Atholl Highlanders Parade
  • 28th - 29th May 2022
  • Tickets released soon
Book Tickets

Atholl Highlanders

Atholl Highlanders Parade
  • 28th - 29th May 2022
  • Tickets released soon
Book Tickets
The Atholl Highlanders are a Scottish ceremonial infantry regiment. They are the only remaining private army in Europe and act as the personal bodyguard to the Duke of Atholl - Chief of the Clan Murray - who have thrived in Perthshire for some 750 years.
To join the Atholl Highlanders, an invitation must be made from the Duke, who specially selects people with ties to the estate or the local area. The regiment is not part of the British Army but under the command of the Duke of Atholl and based at Blair Castle, in beautiful Highland Perthshire.

1777

First Raising as a Regular Regiment in the British Army

The regiment was raised in Perthshire by John Murray, 4th Duke of Atholl as the 77th Regiment of Foot (or Atholl Highlanders, or Murray’s Highlanders) in December 1777. The regiment was formed as a relief for other regiments serving in North America and spent most of its existence in Ireland.

It is here that Finn’s 6x great-grandfather James Thomson, born in 1713, is farming by day and, as dusk falls, distilling a secret that will one day become his family’s legacy: aqua vitae, the water of life.

His is a tale of adventure, graft and rebellion.

1839

Second Raising as a Private Regiment of the Duke of Atholl

in 1839, More than 50 years later, George Murray The 6th Duke of Atholl, as Lord Glenlyon, formed the regiment as a bodyguard, which he took to The Eglinton Tournament at Eglinton Castle, Ayrshire. Three years later, in 1842, the regiment escorted Queen Victoria during her tour of Perthshire and in 1844, when the Queen stayed as a guest of the Duke at Blair Castle, the regiment mounted the guard for the entire duration of her stay.

It is here that Finn’s 6x great-grandfather James Thomson, born in 1713, is farming by day and, as dusk falls, distilling a secret that will one day become his family’s legacy: aqua vitae, the water of life.

His is a tale of adventure, graft and rebellion.

1933

Reformation of The Atholl Highlanders

After 1933, there was little activity and it seemed the regiment went into abeyance until in 1966 when it was reformed by Iain Murray, 10th Duke of Atholl, who made the decision to revive the regiment’s annual parade. Eight local men – mostly estate employees – and all with previous military service training were invited to join, seven accepted. They paraded on the 8th of April 1966 at Blair Castle for the first time in 33 years.

They marched past the Duke, led by two Atholl Highlander pipers.

In 1973 one hundred years after the 7th Duke of Atholl attended the Braemar Gathering, the Atholl Highlanders returned. The regiment marched into the arena to the tunes of ‘Glendaruel Highlanders’, ‘Leaving Port Askaig’ and ‘Jean Mauchline’.  The salute was taken by the Duke of Atholl and the large crowd of 23,000 gave the Highlanders a rousing welcome.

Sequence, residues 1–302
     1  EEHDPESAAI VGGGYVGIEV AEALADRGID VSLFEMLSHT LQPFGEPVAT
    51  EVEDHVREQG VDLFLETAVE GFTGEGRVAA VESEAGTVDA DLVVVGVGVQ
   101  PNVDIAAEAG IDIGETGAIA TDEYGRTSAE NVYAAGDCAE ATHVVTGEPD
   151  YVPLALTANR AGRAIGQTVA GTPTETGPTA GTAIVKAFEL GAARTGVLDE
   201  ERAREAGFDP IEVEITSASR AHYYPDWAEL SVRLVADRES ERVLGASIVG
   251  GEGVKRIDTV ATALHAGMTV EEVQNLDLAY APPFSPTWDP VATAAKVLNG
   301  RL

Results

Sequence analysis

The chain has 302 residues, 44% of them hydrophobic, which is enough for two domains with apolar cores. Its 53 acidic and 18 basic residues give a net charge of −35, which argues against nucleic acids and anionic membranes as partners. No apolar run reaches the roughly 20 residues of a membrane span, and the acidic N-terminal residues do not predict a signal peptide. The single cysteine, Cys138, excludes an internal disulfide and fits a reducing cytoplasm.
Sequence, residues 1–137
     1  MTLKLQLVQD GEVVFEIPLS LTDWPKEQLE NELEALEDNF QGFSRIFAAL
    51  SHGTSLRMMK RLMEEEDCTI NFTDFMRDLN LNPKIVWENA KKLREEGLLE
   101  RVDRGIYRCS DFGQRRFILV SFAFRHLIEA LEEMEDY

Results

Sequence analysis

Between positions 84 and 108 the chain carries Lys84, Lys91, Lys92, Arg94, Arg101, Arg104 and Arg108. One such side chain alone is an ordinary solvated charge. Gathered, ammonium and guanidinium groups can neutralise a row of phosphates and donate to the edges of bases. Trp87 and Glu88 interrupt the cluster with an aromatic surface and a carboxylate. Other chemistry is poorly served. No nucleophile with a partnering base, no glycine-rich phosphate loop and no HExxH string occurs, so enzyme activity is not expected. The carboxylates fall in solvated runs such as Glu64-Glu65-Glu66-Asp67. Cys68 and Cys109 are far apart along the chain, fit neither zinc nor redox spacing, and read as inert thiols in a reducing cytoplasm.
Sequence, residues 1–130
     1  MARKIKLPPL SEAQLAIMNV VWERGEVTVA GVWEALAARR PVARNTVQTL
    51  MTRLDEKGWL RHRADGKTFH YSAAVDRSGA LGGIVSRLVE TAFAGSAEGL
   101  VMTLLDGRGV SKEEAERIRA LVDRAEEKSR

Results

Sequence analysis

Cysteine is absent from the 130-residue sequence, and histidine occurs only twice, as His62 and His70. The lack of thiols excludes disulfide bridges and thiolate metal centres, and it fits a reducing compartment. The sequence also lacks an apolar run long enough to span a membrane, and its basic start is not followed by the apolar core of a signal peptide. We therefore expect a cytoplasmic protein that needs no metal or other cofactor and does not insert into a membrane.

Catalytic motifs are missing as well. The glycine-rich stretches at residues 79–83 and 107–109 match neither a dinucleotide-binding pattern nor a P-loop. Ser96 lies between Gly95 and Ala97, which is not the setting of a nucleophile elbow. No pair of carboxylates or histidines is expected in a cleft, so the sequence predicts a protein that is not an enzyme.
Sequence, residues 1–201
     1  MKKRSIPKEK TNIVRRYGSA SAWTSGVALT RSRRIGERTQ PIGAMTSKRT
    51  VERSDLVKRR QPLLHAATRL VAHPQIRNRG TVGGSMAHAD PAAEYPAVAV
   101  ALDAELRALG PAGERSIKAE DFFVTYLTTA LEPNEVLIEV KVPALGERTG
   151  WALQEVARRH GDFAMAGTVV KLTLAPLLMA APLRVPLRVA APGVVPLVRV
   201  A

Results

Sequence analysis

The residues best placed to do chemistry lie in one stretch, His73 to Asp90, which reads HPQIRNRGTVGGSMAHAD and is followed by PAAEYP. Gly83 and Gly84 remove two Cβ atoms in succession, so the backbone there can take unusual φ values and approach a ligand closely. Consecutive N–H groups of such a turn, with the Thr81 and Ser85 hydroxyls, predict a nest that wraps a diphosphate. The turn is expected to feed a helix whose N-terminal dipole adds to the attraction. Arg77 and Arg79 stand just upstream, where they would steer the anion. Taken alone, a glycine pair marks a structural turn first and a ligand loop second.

In the afternoon the Atholl Highlanders went on parade, marching past the HRH Queen Elizabeth, the Prince of Wales, the Queen Mother, Prince Andrew and Prince Edward.

1984

The Reintroduction of the Atholl Gathering

The 2nd of June 1984 saw the reintroduction of the Atholl Gathering, last held at Blair Castle in 1913. The games took place in Target Park on the east side of the front castle drive, with over 3,000 people attending. Athletes came from all over Scotland and far-flung places such as Nigeria and Iceland, to compete. They tossed cabers, threw hammers and other feats that are typical of highland games.

It continues as an annual event on the Sunday after the Atholl Highlanders parade, which is normally the last weekend in May.

1996

The Passing of the 10th Duke of Atholl

The 10th Duke of Atholl died on 27th February 1996. His funeral was held in the ballroom of Blair Castle. After the service, six Highlanders acted as pallbearers, others provided the carriage party and lined the route to the Castle graveyard at Old Blair.

It was feared that the regiment would be disbanded following the 10th Duke’s death in 1996, until his successor, John Murray, 11th Duke of Atholl, wrote to the estate trustees accepting an invitation to continue his traditional role. The 11th Duke, although resident in South Africa, visited Blair Atholl almost every year to inspect the regiment’s annual parade until his death.

The 12th Duke continues this tradition. New members are admitted to the regiment from time to time, maintaining the numbers at around 100 men, including the band. All of them are required to achieve a reasonable standard of foot and arms drill.

2009

The Atholl Highlander Parades

During the Year of Homecoming in 2009, all of Scotland’s clans took part in a parade in Edinburgh. The Atholl Highlanders paraded in the Scottish capital for the first time in nearly 30 years. The Regiment is often invited to tour and parade in other countries that have historical links with Blair Castle, the Dukes of Atholl or the regiment.

In 2011 they paraded at Braemar Highland Games where they presented their colours to the Queen. They also paraded at Windsor Castle as part of the Queen’s 90th birthday celebrations and in 2018, visited the war graves in Europe.

Today the Atholl Highlanders continue with the current Duke Bruce Murray, 12th Duke of Atholl as their Colonel in Chief.

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